Get The Right Tools For Smooth Apps

cntsvrThe client/server world is brand-new for companies planning to rightsize their database operations, and that shows in the slim availability of database-management tools to support such platforms.

Many of the tools available for mainframes to control and manage data don’t yet exist in client/server database systems. Tools for monitoring, measuring, testing, evaluating and simulating the performance of the database under different allocation formats “will either not be there or will be significantly less powerful than what’s on the mainframe,” said George Schussel, president of Digital Consulting Inc., an Andover, Mass., consulting firm.

Granted, most client/server database-management systems come with tools for defining a database, allocating space for it, defining tables and adding users. A database-management system can also be expected to provide some functions for maintaining the system, such as backing out of a transaction if there’s a failure. The mechanisms should be sophisticated enough to back up the database while on-line, according to Max Dolgicer, a director for Tucker Network Technologies Inc., a consultancy in South Norwalk, Conn.

Yet the client/server platform, arguably a more flexible and cost-effective computing architecture than the mainframe, is woefully lacking in areas of planning and administration.

“We’ve had to create our own security utilities to allow people to access different parts of the application,” said Bill Soper, manager of information services for Chevron Canada, an oil firm in Vancouver, B.C.

Throw hardware at the problem

How do corporate architects of client/server platforms get over such hurdles? By throwing hardware at the problem. “Because you do not have the tools to tell you what hardware to get, you should figure out what you think you’ll need, then triple it — get three times what you think you need for disk capacity — because it’s cheap,” said Schussel.

It’s not enough just to have a large hard disk — administrators should also ensure data redundancy by using mirroring technology to copy data from the disk to a second disk drive, or use a Redundant Arrays of Inexpensive Disks (RAID) system.

To extend the life of the system, make sure the database-management system selected can run on more powerful processors as they become available. “The key is to have a scalable back end so if you top out, you can move to a more powerful platform,” Soper said.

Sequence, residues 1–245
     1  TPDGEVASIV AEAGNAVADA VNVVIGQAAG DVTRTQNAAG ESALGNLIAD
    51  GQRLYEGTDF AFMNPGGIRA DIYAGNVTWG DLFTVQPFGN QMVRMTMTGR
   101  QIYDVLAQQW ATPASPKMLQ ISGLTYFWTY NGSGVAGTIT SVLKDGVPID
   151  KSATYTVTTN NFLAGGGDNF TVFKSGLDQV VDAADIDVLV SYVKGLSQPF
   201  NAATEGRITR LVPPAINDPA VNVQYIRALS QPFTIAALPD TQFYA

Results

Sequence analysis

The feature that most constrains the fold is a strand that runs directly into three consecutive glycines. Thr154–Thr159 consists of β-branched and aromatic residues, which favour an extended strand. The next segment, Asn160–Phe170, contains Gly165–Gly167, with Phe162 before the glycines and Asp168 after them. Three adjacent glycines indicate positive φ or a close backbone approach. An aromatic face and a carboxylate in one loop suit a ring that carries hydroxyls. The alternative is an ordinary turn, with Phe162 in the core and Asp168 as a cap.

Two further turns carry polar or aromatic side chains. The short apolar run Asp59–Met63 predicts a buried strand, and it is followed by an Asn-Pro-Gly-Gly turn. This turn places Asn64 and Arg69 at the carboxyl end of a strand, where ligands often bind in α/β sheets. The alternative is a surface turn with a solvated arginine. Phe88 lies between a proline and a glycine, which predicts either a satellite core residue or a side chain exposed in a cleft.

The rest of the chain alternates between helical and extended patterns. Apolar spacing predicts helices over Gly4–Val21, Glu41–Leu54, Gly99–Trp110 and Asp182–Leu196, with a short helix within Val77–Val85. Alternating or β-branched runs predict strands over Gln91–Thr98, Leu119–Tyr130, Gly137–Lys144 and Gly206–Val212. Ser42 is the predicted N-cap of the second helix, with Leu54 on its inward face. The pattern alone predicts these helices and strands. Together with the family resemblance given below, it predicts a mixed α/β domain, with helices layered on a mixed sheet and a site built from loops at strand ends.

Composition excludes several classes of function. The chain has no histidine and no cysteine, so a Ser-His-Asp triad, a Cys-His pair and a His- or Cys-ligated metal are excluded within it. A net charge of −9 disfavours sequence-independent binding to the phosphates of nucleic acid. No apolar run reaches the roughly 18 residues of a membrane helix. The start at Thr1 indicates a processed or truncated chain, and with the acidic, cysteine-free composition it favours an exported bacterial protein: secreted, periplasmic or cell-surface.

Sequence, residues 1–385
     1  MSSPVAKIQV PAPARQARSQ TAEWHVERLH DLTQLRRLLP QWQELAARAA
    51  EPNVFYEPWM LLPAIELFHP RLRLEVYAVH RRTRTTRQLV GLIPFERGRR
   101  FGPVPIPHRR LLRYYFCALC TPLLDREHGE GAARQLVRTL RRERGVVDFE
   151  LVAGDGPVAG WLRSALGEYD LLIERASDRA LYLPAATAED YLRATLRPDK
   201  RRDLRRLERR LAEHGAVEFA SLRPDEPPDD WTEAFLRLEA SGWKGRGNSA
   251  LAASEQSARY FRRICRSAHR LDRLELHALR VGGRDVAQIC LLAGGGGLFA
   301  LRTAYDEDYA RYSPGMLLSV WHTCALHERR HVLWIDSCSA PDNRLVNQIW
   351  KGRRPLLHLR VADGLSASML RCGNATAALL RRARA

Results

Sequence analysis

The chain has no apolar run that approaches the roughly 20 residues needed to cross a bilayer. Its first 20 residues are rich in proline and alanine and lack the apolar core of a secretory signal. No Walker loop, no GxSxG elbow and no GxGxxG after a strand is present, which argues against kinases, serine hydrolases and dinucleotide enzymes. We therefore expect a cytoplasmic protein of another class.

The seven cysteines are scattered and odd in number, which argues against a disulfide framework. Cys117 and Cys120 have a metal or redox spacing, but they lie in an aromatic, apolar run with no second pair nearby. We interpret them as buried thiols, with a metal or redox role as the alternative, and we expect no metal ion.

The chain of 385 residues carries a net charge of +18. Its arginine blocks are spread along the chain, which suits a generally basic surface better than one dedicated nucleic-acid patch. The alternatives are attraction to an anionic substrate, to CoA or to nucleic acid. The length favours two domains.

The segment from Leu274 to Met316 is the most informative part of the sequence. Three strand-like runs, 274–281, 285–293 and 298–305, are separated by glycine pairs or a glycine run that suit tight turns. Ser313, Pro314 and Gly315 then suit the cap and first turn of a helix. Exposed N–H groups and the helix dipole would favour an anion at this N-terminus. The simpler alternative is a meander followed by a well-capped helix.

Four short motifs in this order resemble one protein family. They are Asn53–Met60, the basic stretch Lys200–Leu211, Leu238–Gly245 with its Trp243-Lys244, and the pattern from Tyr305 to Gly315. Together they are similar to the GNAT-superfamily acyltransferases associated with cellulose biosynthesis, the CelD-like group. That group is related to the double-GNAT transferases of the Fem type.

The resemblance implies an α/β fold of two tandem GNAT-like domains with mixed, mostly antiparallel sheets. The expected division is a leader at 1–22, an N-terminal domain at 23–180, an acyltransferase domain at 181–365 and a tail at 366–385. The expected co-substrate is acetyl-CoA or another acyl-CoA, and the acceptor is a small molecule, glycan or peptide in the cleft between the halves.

As with any type of server, the client/server back end should be protected by an uninterruptible power supply (UPS). UPS devices generally range in power from 500 kilowatt voltage amps (kva) to 1,500 kva, and they cost between $1,000 and $10,000.

And network-management software is a must. “Network-management tools are still not what everyone would like them to be, but you can piece together enough of a solution to get by,” said Maureen Rogers, director of marketing for Softbridge Inc., a developer of test software for custom client/server applications.

By adhering to such tenets, rightsizing pioneers like Richmond Savings Credit Union have managed to reengineer their business systems without putting their companies at risk, and without using fully redundant, high-priced systems.

Richmond Savings moved its banking system five years ago from a proprietary minicomputer to a 486-based client/server platform that is currently humming along at 100,000 transactions a day. Richmond is using a database-management system called Probe, developed by Prologic Computer Corp., of Vancouver, B.C., that has its own front end. Probe is a combination fourth-generation language, relational database-management system and proprietary network operating system. Prologic is currently helping Richmond crea te links between Probe and NetWare.

“[Prologic] made it so that using DOS, we could create very large databases and have it perform well,” said Allen Lacroix, vice president of technology at the credit union, in Richmond, B.C.

For its central server, Richmond administrators chose a 33MHz 486-based machine with 16M bytes of memory and 3.2G bytes of unformatted disk. Although the administrators looked at RAID disks, they felt they did not need them. “Our database is very reliable, and there are several recovery mechanisms available with it,” said Lacroix.

Another Prologic customer who transferred a credit-union banking system from a mainframe to a client/server platform went further in adding redundancy. The Pacific IBM Employees Federal Credit Union in San Jose, Calif., is using two identically configured IBM PS/2 Model 95s as a central server, said Daryl Tanner, president.

“There are two Model 95s sitting side by side, with one doing nighttime processing. In the morning, we copy one disk over to the other machine, so they both have the same data at the start of the day. If one crashes, we have the other,” he said.

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